Even before the latest outbreak of gun violence on American streets -- the mass shooting over the weekend in Southern California -- major consumer brands were already facing pressure to stake out positions on gun control as part of a trend in which companies promote social causes along with their products.

Earlier this month, Chipotle Mexican Grill Inc. (NYSE:CMG) issued a statement asking customers to leave their guns at home. Starbucks (NYSE:SBUX) and Jack in the Box Inc. (NASDAQ:JACK) had previously asked patrons not to carry guns while dining. Analysts suggest such public stances could become a new normal, with major brands effectively shaping policies in reaction to changing public values.

“This move is all about how these companies want to position their brands,” said Nick Setyan, restaurant analyst at Wedbush Securities. “The overarching trend today is brand evolution towards a more sustainable planet, peaceful world.”

Starbucks, the world’s largest coffee retailer, has been one of the first to adopt a no-guns-on-the-premise stance.

“Few topics in America generate a more polarized and emotional debate than guns,” Starbucks CEO Howard Schultz wrote in an open letter Sept. 17, 2013.

“In recent months, Starbucks stores and our partners [employees] who work in our stores have been thrust unwillingly into the middle of this debate. That’s why I am writing today with a respectful request that customers no longer bring firearms into our stores or outdoor seating area,” he wrote.

On May 19 of this year Chipotle made a similar public statement asking customers not to bring guns into their locations. The declaration came soon after a group of rifle-toting gun rights activists gathered at a Chipotle in Texas.

“Recently, participants from an ‘open carry’ demonstration in Texas brought guns (including military-style assault rifles) into one of our restaurants, causing many of our customers anxiety and discomfort,” a company representative said, according to local news reports, adding a request that customers not bring guns into their restaurants.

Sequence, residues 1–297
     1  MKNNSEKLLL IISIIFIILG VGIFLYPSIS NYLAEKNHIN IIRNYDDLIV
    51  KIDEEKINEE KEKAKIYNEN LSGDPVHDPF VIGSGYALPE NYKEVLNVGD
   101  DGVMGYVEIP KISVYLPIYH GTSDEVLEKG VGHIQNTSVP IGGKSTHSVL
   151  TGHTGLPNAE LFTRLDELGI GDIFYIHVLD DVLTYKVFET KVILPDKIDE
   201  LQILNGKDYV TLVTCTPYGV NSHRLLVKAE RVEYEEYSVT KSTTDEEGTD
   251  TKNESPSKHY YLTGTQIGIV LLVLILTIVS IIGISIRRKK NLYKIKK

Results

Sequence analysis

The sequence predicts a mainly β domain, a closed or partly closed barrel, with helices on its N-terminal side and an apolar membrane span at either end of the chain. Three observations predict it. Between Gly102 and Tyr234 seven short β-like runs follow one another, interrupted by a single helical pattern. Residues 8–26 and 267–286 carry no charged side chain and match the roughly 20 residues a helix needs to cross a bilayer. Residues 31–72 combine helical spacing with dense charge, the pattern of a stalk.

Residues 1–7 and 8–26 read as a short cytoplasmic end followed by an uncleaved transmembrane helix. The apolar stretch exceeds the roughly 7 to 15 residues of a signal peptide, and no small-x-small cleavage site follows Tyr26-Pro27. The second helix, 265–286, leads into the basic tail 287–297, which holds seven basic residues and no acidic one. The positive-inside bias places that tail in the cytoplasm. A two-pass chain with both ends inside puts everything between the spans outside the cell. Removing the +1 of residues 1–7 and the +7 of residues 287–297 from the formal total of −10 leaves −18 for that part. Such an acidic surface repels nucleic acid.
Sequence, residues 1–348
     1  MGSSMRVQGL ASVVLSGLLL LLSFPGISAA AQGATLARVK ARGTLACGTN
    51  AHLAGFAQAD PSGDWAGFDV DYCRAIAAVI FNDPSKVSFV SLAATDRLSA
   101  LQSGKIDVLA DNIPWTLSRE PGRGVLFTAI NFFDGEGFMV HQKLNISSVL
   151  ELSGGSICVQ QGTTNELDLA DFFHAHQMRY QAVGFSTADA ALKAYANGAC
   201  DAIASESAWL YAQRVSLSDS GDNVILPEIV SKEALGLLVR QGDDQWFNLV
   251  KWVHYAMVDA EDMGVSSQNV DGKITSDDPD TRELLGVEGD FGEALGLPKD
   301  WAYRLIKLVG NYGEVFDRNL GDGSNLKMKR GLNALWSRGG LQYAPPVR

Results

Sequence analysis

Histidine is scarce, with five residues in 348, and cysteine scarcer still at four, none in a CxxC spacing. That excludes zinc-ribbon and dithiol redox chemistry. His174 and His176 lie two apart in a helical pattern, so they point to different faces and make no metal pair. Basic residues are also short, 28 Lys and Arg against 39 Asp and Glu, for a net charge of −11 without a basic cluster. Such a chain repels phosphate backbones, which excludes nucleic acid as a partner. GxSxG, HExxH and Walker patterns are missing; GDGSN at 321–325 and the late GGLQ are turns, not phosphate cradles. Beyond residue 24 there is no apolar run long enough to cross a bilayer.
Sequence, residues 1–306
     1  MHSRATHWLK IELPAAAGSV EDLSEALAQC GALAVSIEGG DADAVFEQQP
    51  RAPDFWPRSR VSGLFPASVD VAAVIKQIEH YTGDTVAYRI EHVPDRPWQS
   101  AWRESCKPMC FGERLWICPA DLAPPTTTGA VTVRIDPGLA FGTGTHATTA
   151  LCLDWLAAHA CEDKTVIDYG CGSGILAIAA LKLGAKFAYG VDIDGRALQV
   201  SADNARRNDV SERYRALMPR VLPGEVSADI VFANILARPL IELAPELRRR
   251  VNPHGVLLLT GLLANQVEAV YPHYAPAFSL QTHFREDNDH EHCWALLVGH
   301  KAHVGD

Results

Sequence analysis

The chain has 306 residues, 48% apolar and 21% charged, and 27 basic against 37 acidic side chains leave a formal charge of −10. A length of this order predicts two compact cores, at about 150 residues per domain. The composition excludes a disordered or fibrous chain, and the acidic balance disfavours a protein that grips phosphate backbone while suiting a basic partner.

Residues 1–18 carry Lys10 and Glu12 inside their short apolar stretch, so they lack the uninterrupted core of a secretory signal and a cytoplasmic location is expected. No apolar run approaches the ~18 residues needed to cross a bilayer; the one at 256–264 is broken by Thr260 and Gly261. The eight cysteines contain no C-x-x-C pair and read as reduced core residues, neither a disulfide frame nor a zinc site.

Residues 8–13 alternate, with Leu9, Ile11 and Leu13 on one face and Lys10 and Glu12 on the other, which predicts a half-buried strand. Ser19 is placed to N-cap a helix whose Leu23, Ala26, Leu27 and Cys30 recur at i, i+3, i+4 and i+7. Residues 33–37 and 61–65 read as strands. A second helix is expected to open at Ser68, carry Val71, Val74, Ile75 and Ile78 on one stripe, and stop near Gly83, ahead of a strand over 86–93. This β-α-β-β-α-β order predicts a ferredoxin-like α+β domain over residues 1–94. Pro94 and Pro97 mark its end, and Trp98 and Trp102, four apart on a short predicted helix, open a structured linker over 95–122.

Chipotle's experiences illustrates the complexity at issue for brands that operate across the United States: In some areas of the country, showing support for gun control can be a popular means of currying consumer favor, but in others it can place a brand at odds with local values.

In many states, people are allowed to carry firearms openly in public. The term “open carry” has become shorthand for a movement to increase visibility and awareness of this practice in places where it’s allowed. Advocates for the practice say it helps preserve their Second Amendment rights, and often gather at retail locations for demonstrations.

On one such occasion earlier this month, members of the advocacy group Open Carry Texas entered a Jack in the Box in Fort Worth with their assault rifles. It was enough to scare employees into the restaurant’s freezer until police arrived, and prompted yet another corporate anti-gun statement from the fast-food company.

“The presence of guns inside a restaurant could create an uncomfortable situation for our guests and employees and lead to unintended consequences,” a representative said, according to a press release.

The statement came just days after a group called Moms Demand Action for Gun Sense in America petitioned the company to take a stance on the issue after the incident.

The group, which formed after the mass slaughter of children at Sandy Hook Elementary School in Newtown, Connecticut, in December 2012, aims “to build support for common-sense gun reforms,” according to its website.  Members have successfully petitioned major companies including Starbucks and Chipotle, to publicly address gun issues.

“Laws continue to change at local and state levels, and businesses are becoming involuntary participants in the debate,” said Patrick Lenow, a spokesman for fast-food company Sonic Corp. (NASDAQ:SONC).

One of Sonic's locations was featured in a video that Mother Jones published Tuesday, depicting a group of seven or eight men who were carrying semi-automatic rifles getting kicked out of a Sonic Drive-Thru. Lenow said the company has historically relied on local gun laws to guide how employees address guns on the property, and is continually analyzing how the organization treats the issue.

In the clip, an employee tells the men he won’t serve them and will call the police. The men cancel their orders, leave the restaurant and linger in the parking lot discussing their situation. One man leads his young daughter to his car, rifle slung over his shoulder. Others debate waiting for the police, and other dining options.

“Man, we can’t do nothing,” the gun-toting man says as he filmed the video at Sonic.  “Nobody likes us.”